U.S. Sen. Sherrod Brown (D-OH) and U.S. Rep. Steve LaTourette (OH-14) released the following statements today applauding the Senate-House conference bill that provides funding for NASA, including the Glenn Research Center and Plum Brook Station. The conference agreement includes the Fiscal Year 2012 Commerce, Justice, Science, and Related Agencies Appropriations bill. Both Senator Brown and Rep. LaTourette were members of the conference committee that completed work on the measure Monday.
"Glenn Research Center--and the many local and state businesses in Ohio that rely on NASA --are vital to our state's economic livelihood. Even in this era of belt-tightening, we must work to ensure that new missions and research endeavors are brought to NASA Glenn, which will further help solidify our state's status as a space and aerospace leader," Brown said. "NASA Glenn's interests are best served when members of the Ohio delegation--Democratic and Republican--can work together to preserve jobs and bring new missions to the center. This compromise legislation will help grow NASA Glenn's already-diverse portfolio of work."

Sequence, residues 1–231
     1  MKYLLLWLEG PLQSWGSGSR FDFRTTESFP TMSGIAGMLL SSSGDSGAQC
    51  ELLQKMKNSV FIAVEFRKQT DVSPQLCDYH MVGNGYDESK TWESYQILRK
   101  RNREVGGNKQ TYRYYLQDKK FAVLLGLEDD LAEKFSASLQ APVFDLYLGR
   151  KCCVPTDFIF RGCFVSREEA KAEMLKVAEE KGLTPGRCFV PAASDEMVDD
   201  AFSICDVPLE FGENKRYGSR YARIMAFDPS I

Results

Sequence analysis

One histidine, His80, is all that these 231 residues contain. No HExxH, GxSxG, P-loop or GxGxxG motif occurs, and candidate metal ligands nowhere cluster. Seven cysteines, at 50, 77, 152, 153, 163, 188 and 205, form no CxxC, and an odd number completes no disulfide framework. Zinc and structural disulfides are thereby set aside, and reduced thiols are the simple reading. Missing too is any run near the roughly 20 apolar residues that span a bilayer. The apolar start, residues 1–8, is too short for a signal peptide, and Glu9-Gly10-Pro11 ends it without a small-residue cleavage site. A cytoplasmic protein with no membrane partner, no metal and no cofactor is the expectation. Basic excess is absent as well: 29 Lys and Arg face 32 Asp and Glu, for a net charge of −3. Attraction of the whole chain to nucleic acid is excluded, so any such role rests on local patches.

"This funding will provide a path to growth. Congress sent a clear signal to the Administration: NASA is a jobs creator and an investment in technology, research, and jobs. It is an investment that pays off," Brown added.
"I'm pleased NASA will fund the rocket that was envisioned under the Constellation program and one day we will get America back into Space and back to the moon," LaTourette (R-OH) said. "This is a tough year for funding at all federal agencies and for all federal programs. As appropriators, Sen. Brown and I have the ability to ease the sting of cuts and advocate for programs of great local importance, like NASA Glenn. In the big scheme of things, NASA Glenn fared well and the funding will help avoid job losses."
"This bill allows NASA to begin development of a suite of cutting-edge technologies that will accelerate the pace of our future in space while creating high-tech jobs and fueling American innovation at home," said Bobby Braun, NASA Chief Technologist from Feb 2010 to Sept 2011. "Creating the breakthroughs of tomorrow requires investing today in basic research and technological development."
NASA's top-line budget will be funded at $17.8 billion, while space technology work--a specialty at GRC--will be funded at $575 million. Aeronautics, another Glenn strength, will be funded at $569.9 million. A Reduction-in-Force (RIF) moratorium--which prevents layoffs of civil servants--will remain in effect, protecting thousands of critical jobs. Closure of NASA Glenn will also be prevented.